Presentation on theme: "The Whig Reforms www.educationforum.co.uk. Social Reform The 1832 GRA was followed by a burst of social reform from the Whigs – arguably the most extensive."— Presentation transcript:
Social Reform The 1832 GRA was followed by a burst of social reform from the Whigs – arguably the most extensive series of reforms that had been up to that point attempted by any government Reforms included: 1. The first government grant for education 1833 2. The Factory Act 1833 – first ever regulation of factory conditions 3. The Abolition of slavery in the British Empire 1833/4 4.The Poor Law Amendment Act 1834 – an attempt to rationalise and improve the relief of poverty 5. The Municipal Corporations Act 1835 – a reform of local government
Motivations Fear of revolution – urgent need to tackle social problems such as poverty, factory conditions etc. – the country had been close to revolution during the struggle for the GRA Liberalism (the ideology of the new middle class?) – Adam Smith and Jeremy Bentham Humanitarianism – Christian campaigners putting pressure on the government e.g. William Wilberforce and Richard Oastler
Key Exam Questions How successful were the Whig domestic reforms of 1833-41? How liberal/progressive were the Whig reforms of 1833-41? Look at dates carefully – a question which cites 1832-41 could also include the GRA
Liberalism Liberalism was changing! Adam Smith had said that the role of government should be minimal and the economy should be free from government control. The phrase ‘Laissez faire’ has been used to describe this approach – let the ‘market’ decide wage rates, working conditions, keep taxes low etc. This classical liberal position was challenged by new liberals such as Jeremy Bentham and the ‘Philosophical Radicals’ who argued that some government intervention was necessary
Bentham Individual freedom still very important but government intervention sometimes necessary – sometimes individual freedom had to be sacrificed to protect society. Bentham introduced his utilitarian principle to the role of government and to morals ‘does it lead to the greatest happiness of the greatest number?’. If it does then it must be the right thing to do. Institutions and policies were to be subjected to other ‘utility’ principles in order to protect liberties – ‘What is it for?’ ‘What use is it?’ ‘Is it effective?’ The ‘utilitarian's’ or ‘philosophical radicals’ were an influential if small group of M.P’s and activists whose influenced can be seen in some of the Whig Reforms
Humanitarians A humanitarian is defined as someone who works for the benefit of humanity by reducing suffering. In the 19 th century there were a number of humanitarians both inside and outside Parliament often inspired by Christianity e.g. Elizabeth Fry who campaigned for more humane prisons. William Wilberforce who campaigned against slavery. Richard Oastler who campaigned for better factory conditions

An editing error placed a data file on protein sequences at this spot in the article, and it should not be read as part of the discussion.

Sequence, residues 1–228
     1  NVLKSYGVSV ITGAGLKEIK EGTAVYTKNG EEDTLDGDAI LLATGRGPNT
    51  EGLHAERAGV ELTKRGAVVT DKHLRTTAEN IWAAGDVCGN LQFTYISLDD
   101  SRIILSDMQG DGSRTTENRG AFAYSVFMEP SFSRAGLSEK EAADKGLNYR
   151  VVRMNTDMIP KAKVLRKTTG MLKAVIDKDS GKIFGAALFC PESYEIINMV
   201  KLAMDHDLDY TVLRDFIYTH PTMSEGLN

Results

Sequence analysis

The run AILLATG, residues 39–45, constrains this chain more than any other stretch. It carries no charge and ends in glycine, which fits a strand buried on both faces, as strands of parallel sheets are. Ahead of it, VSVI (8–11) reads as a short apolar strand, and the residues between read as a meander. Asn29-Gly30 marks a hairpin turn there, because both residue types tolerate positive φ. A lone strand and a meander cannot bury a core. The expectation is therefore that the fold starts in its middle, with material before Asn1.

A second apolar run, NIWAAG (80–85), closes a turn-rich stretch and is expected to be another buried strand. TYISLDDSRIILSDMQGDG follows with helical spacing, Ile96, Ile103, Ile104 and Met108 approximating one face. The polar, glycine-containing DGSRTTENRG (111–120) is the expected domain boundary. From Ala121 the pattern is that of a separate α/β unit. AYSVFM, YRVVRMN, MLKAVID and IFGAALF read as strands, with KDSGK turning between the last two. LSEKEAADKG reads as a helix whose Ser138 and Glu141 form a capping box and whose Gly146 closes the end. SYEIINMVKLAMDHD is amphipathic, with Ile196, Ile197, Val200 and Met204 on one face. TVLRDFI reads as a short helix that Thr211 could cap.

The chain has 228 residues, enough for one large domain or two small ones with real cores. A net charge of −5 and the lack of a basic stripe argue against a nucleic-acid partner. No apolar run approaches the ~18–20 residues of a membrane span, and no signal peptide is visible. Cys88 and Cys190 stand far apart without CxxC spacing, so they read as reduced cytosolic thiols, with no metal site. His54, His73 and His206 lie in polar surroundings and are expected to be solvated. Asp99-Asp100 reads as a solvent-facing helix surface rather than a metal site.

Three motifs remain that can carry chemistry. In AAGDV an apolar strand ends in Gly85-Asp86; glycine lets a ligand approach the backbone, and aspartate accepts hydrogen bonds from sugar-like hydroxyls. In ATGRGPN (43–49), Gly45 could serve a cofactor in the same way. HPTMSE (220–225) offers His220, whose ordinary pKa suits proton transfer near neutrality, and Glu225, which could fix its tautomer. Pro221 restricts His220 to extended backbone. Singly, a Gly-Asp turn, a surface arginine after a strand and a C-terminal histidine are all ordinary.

Education 1833 In 1833 the first ever government grant (£20,000) for education was established. This was the first time ever that public money had been set aside for the purpose of education It was to be divided up between two religious societies involved in schooling and when compared to the annual budget for the royal stables - £50,000 doesn’t seem very much! However it marks the beginnings of government interest in education – arguably the first step towards the modern State education system.
The Factory Act 1833 This was the first law regulating factory conditions which was enforced by factory inspectors 1. Work by children under 9 made illegal 2. Child workers between 9-13 years were to be given 2 hours schooling a day and to work no longer than 9 hours 3. Workers aged 13-18 years to be worked no more that 12 hours a day Adult working hours and conditions left untouched and remained dreadful. However at least there was now a system of inspecting factories which would allow any future reform to be effective
Abolition of the Slave Trade 1833 After a lifelong struggle against the slave trade William Wilberforce just lived long enough to see the slave trade outlawed in the British Empire by the Whigs. Slave owners were compensated with £20,000,000 (around half of total government yearly expenditure) of government money – around £37 a slave
Poor Law Amendment Act 1834 By far the most significant piece of Whig legislation was the reform of the Poor Law. The Old Poor Law dated back to Elizabethan times and had broken down as a result of the industrial revolution. The ‘Speenhamland system’ had been adopted over much of the south of England putting enormous pressure of local ratepayers as employers reduced wages The Whigs appointed the Poor Law Commission to investigate and propose a new system of poor relief
Main Features The Speenhamland system ended – no more ‘outdoor relief’ for the able bodies – in essence only the elderly or sick and disabled to get handouts The able bodies to be subjected to the ‘workhouse test’ – Anyone who received aid from the ratepayers had to be prepared to enter the workhouse Workhouse conditions (food and accommodation) to be set to be ‘less attractive than the situation of the independent labourer of the lowest class’ Those entering the workhouse were made to work for their keep (stone breaking etc) and were subjected to complete loss of liberty, the separation of married couples and their children, and severe rules such as no visitors, meals to be consumed in silence. Unless an inmate chose to leave and risk starvation there was little chance of getting out and finding work
Municipal Corporations Act 1835 Set up a uniform system of elected town councils and extended the vote in local elections to all ratepayers. Local councils directed to organise local police forces modelled on Peel’s Met
Your consent to our cookies if you continue to use this website.